As the Montreux Casino burned to the ground in 1971, this lake-edge hotel had a front-row view of smoke on the water and fire in the sky. By Chris Sheedy.

On the night of December 4, 1971, young and devoted music fans from across Europe descended on the concert hall of the opulent Montreux Casino in Switzerland to see American musician Frank Zappa and his band, The Mothers of Invention. Instead, the stage was set for a far more significant moment in rock ’n’ roll history.

By the end of the night the casino would be destroyed by fire and from its ashes would rise one of the most recognisable riffs – in a single that would see another band, Britain’s Deep Purple, soar into the musical stratosphere.

The five Deep Purple musicians had travelled to the swanky Swiss town to utilise the casino’s concert hall as a recording space. During the Zappa gig, which they attended as audience members rather than performers, they saw a fan shoot a flare gun at the ceiling. The venue soon began to burn.

“The fire was unbelievable,” Deep Purple vocalist Ian Gillan later said. “The whole town was closed off while the bloody thing [the casino] burned to the ground... We were moved to a hotel called the Eden Palace au Lac.”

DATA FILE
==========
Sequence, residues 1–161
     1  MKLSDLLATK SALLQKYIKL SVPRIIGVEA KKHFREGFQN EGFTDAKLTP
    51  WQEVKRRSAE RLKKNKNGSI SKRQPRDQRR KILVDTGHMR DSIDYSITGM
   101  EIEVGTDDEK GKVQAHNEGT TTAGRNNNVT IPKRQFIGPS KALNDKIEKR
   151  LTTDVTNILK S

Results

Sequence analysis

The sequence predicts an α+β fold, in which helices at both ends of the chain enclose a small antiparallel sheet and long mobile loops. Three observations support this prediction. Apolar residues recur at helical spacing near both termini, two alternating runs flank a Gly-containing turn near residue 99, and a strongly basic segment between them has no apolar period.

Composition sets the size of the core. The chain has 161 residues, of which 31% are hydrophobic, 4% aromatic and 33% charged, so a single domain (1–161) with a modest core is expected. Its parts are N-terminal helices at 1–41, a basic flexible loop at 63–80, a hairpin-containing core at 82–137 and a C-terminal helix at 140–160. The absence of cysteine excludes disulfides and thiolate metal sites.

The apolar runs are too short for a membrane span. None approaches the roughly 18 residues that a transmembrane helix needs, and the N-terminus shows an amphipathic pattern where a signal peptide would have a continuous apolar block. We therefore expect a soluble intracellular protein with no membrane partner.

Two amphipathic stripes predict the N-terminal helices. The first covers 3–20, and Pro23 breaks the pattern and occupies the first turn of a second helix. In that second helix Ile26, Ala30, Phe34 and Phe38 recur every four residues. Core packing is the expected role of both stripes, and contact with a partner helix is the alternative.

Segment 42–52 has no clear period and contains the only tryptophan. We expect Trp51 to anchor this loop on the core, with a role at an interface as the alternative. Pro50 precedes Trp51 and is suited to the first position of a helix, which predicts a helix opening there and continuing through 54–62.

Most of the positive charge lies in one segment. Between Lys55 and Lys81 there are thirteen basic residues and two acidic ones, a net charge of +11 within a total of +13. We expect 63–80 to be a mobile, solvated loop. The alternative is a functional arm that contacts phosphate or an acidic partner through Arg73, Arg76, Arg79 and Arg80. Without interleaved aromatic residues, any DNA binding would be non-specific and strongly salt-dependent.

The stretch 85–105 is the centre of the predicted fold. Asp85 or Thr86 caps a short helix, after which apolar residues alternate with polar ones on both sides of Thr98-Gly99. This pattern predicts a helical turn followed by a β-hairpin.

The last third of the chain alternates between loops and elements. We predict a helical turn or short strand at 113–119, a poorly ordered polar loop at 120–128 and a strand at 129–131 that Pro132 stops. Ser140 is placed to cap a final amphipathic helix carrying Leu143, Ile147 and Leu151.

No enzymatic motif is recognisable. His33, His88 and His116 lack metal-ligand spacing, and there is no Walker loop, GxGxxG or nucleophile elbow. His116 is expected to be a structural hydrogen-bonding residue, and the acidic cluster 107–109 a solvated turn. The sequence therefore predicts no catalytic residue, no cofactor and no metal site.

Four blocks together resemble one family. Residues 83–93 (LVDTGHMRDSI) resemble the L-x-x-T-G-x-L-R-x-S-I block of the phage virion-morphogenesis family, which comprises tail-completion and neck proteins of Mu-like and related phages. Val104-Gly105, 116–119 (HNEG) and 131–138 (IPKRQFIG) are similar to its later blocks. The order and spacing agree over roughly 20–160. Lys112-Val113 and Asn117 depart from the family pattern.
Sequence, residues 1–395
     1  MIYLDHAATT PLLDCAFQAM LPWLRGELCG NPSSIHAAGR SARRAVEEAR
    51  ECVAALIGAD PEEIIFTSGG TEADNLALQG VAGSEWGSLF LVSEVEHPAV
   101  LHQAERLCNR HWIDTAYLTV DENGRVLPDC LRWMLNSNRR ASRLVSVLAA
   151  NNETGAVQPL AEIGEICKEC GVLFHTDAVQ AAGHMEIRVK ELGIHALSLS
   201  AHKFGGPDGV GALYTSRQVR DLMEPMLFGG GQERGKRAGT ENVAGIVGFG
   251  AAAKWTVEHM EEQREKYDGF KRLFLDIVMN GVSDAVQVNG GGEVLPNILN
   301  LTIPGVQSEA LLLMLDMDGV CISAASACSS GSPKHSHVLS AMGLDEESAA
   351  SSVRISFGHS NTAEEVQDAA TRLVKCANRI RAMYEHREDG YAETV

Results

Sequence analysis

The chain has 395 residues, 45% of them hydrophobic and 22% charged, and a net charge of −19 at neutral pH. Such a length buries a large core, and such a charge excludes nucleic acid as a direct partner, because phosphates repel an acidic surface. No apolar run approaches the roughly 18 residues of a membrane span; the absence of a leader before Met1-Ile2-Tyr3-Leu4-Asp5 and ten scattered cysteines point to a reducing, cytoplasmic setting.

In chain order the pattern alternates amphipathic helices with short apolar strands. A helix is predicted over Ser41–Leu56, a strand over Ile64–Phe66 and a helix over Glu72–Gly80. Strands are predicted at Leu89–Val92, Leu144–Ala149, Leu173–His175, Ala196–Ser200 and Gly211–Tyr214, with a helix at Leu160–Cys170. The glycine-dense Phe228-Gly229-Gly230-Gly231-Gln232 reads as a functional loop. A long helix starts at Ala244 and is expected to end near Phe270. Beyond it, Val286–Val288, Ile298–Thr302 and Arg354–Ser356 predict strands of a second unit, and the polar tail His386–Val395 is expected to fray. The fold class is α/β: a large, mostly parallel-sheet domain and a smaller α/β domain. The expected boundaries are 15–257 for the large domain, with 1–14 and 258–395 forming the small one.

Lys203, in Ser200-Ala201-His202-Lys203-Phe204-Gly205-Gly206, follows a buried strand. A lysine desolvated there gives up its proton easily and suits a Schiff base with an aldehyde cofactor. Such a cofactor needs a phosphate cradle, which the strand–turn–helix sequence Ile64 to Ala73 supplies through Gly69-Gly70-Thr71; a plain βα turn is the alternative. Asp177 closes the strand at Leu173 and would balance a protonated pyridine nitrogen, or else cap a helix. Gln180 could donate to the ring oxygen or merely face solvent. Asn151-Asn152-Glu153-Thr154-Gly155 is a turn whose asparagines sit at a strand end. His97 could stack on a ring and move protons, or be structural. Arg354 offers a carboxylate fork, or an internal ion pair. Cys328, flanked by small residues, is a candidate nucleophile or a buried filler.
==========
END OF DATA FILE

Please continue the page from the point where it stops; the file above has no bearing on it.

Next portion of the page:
From their lakeside digs, the band members looked on as flames shot into the night sky. The next morning, smoke billowed over the still waters of Lake Geneva.

In the weeks that followed the inferno, the rockers penned an extraordinarily powerful four-note song about the blaze. It was recorded in various locations around Montreux but was never meant to be included on the 1972 album Machine Head (the band was concerned the song’s title, Smoke on the Water, would have drug connotations). The track was added only at the last minute after canny colleagues convinced the band of the song’s catchiness. 

Today, visitors to Montreux can stay at the four-star Eden Palace au Lac, an imposing Victorian landmark first opened in 1896. Be sure to request a lakeside room, which has a balcony or terrace overlooking Lake Geneva and the Alps. The hotel has hosted blues king Sammy Price, pianist Charles Thompson, jazz trumpeter Dizzy Gillespie and many other artists – but none have put Montreux on the musical map as indelibly as Deep Purple. 

SEE ALSO: Cruising the Rhine River in Luxury

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